Fun Facts Friday: William Saroyan
Fun Facts Friday , Latest Posts / August 31, 2012

William Saroyan was born this day, 31 August 1908 (d: 18 May 1981); he was a prolific writer of immigrant parents who based many of his stories on his childhood experiences during the Great Depression  as well as the rootlessness of immigrants. Mr. Saroyan is known for his short stories and insightful texts. He won a Pulitzer  Prize for for his play The Time of Your Life (1939). Books by William Saroyan 1 )      Saroyan’s was left fatherless at the tender age of 3. He was raised in an orphanage along with his brother and sister. 2 )      After his mother reunited the family, Saroyan helped out by selling newspapers at age eight. 3 )      After he saw his father’s writing, Saroyan decided to become a writer. 4 )      The first stories Saroyan wrote appeared in Overland Monthly, some under the name Sirak Goryan . 5 )      My Name is Aram, a short story collection, was published in 1940 and became an international best seller. 6 )      Saroyan’s breakthrough story The Daring Young Man on the Flying Trapeze (1934) takes its name from a 19th Century song. 7 )      During World War II Saroyan served in the US Army and…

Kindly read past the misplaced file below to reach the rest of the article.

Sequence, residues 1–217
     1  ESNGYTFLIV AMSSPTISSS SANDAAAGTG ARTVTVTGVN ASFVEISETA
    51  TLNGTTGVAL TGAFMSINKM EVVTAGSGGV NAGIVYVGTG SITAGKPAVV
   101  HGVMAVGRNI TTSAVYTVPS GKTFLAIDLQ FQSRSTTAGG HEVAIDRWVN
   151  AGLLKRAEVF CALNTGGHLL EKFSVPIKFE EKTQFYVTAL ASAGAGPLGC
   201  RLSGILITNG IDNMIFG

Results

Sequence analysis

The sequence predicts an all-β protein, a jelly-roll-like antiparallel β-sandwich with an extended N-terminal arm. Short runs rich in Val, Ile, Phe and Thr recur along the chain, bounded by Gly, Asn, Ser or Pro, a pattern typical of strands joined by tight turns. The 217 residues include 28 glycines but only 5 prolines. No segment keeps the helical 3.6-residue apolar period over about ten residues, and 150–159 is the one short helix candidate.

Kid’s Book Review: Shoo Fly Pie by Tedd Arnold
Kid's Reviews , Latest Posts / August 30, 2012